Now so far so good. A compulsory quarantine system but the government has chosen to make it happen in hotels – actually a very good idea because it could help to bring funds into a beleaguered industry which needs them. Where I feel this goes off the rails is the singular lack of choice for a fixed fee which hugely exceeds what might be payable if the guests were paying for their stay in the usual way. There ought to be a choice of hotel and the price should be transparent. Moreover the service provided by whichever hotel it is ought to be commensurate with its normal service, catering and all.

It is unbelievable that four star hotels are serving meals in take-away cardboard containers and with, in some cases, insufficient food for the guests to have a satisfying meal. Moreover the limited menu choices shown at some hotels are frankly inadequate and insulting and quite unrepresentative of their normal service. The guest is still a hotel guest, even if one who is required to be there and remain shut away.

Oh and there are complaints about laundry – one hotel allows a ration of seven items a week. Is that three and a half pairs of socks?

Now it may well be that only the “bad cases” are hitting the news; bad news travels whereas good news gets less publicity. However, there should be no inadequacy of quality or quantity of food in a good hotel – whoever negotiated these deals at a fixed price of £1750. And we have now learned that if an individual tests positive for Covid-19, then their stay is extended at a further cost of £152 per day – for how long? Until they get better? Until they die? Until they are rushed off to hospital critically ill? And who will look after them if they fall ill in the hotel? None of this appears to be clear. After all it is to “catch” the ill that the scheme has been brought into force so what do they propose to do with them?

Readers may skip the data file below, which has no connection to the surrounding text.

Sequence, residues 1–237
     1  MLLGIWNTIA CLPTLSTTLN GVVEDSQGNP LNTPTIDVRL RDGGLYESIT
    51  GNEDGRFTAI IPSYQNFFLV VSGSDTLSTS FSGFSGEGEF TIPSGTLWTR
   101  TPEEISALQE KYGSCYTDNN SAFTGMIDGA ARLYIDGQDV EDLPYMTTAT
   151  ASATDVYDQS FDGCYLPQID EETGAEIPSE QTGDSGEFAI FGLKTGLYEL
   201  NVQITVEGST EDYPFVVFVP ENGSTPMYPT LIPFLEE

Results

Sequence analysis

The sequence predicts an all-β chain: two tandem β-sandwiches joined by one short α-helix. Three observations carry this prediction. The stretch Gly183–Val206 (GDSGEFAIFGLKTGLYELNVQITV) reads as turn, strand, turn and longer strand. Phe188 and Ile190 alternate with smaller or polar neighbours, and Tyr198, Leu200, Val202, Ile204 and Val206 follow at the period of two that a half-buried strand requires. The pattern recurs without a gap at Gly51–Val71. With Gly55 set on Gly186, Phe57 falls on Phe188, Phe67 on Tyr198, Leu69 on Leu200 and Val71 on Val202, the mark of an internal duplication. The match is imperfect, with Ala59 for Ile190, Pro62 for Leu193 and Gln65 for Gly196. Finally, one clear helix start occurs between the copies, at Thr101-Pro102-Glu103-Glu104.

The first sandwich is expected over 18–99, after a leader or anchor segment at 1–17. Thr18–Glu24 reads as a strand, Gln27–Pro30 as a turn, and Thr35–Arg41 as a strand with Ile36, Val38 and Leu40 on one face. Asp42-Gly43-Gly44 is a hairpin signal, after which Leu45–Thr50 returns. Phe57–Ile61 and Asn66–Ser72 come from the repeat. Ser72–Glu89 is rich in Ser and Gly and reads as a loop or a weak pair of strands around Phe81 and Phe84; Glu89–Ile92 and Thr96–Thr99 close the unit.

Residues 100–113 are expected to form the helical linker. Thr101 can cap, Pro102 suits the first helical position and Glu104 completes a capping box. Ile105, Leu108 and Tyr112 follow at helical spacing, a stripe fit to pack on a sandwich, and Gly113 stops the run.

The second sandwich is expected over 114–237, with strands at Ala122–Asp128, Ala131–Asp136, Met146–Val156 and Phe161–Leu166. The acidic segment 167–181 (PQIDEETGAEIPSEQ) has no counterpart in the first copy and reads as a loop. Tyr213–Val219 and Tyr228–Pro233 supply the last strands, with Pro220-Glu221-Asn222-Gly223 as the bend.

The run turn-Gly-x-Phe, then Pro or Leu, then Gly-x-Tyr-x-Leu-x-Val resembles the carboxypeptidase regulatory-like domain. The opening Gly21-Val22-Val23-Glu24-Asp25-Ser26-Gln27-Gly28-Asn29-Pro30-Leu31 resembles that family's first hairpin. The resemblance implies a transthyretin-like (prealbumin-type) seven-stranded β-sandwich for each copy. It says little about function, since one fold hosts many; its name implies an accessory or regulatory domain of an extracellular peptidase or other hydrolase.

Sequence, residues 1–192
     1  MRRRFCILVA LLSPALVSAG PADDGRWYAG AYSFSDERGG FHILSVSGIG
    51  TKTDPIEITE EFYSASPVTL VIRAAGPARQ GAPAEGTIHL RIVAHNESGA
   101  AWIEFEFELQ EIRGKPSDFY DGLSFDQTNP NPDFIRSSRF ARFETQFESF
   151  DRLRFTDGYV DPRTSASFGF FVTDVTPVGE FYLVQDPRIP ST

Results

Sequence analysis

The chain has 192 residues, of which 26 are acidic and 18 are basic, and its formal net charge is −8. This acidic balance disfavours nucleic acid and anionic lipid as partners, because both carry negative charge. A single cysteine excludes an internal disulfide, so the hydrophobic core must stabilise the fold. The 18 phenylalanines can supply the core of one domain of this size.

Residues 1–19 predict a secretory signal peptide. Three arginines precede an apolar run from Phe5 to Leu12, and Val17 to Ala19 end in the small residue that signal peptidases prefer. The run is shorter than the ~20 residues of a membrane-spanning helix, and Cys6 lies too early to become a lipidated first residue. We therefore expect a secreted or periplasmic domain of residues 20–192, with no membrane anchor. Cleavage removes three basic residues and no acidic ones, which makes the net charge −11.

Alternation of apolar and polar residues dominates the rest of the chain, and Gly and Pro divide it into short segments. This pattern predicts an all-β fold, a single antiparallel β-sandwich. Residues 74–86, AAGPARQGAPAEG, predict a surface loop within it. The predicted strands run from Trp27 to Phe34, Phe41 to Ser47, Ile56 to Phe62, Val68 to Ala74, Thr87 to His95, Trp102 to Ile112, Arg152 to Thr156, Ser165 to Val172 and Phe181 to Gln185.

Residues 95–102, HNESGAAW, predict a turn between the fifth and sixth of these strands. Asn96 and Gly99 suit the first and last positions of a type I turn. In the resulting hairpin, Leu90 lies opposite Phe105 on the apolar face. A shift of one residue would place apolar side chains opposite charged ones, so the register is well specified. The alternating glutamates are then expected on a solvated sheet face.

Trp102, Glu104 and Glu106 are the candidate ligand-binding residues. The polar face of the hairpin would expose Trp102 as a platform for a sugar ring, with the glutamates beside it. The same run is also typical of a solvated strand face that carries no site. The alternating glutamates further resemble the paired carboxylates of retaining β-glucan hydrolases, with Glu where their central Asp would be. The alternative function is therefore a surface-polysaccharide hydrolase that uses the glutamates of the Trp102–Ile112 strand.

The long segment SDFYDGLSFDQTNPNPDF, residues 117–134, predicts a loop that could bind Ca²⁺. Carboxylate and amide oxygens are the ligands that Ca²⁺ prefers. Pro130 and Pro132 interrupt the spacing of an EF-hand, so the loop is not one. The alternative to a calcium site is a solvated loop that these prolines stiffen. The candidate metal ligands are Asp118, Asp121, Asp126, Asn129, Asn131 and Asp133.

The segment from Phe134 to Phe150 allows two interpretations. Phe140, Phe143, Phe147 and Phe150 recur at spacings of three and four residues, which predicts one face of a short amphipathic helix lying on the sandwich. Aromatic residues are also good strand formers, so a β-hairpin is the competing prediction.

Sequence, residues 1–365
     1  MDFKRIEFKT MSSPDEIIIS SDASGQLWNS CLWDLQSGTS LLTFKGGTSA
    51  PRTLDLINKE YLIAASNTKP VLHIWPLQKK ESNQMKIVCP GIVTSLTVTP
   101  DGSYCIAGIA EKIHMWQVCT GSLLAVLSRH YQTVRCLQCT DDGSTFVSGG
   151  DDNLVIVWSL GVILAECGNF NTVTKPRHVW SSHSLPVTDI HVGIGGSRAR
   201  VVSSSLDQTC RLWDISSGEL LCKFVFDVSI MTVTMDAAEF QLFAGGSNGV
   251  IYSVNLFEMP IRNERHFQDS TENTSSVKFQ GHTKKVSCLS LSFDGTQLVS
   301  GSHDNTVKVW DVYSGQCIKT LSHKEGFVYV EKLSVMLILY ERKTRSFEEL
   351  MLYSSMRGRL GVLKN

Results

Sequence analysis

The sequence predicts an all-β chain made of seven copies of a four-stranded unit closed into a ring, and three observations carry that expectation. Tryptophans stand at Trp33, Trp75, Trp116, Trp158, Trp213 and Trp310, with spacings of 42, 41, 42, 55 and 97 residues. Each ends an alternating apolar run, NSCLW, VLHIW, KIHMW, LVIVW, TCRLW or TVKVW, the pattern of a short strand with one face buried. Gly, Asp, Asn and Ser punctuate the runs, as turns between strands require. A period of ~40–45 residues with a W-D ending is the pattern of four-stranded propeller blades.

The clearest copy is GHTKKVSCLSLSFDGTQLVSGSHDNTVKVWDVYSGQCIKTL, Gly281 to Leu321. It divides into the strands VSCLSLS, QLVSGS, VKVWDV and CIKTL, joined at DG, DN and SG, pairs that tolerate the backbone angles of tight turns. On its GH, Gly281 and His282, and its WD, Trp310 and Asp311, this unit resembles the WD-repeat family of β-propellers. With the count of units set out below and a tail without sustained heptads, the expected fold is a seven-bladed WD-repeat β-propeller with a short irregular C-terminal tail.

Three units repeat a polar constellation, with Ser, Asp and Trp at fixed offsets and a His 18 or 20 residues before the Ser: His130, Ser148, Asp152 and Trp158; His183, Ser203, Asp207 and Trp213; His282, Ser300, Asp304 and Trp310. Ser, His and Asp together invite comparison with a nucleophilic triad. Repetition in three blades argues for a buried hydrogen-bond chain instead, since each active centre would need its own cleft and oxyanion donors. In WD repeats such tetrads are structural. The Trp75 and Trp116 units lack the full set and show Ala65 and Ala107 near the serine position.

Then we have the farcical situation of people needing a “fag break”. If people must smoke, they must smoke but when you confine them to a non-smoking room with a penalty of £250 for breaking the rules, yes there will have to be some sort of facility. This could have been foreseen and perhaps arrangements could have been better organised, or perhaps some hotels should simply agree to smoking in the rooms – after all they are paying enough for it, including the security guards who have to accompany them while they smoke in the fresh air.

Perhaps hotels with balconies should have been selected; the complaints suggest that the hotels have allocated their worst rooms for these enforced visits. Most have windows which cannot be opened and many with dreadful views.

But why is the cost £175 per day? How is this made up? A quick look at booking.com reveals that there are cheaper hotels even with food included, decent food probably. And let us not forget that hotels which are open have to cater for potential Covid-19 carriers anyway.

I think they can do better. After all if you are staying in a hotel for ten days, why should this not be a pleasant experience? It is a hotel’s job to look after its guests so they would like to come and stay again. Hotels in this scheme making themselves like prisons are probably not going to encourage return visits.

Adrian Leopard 17-02-21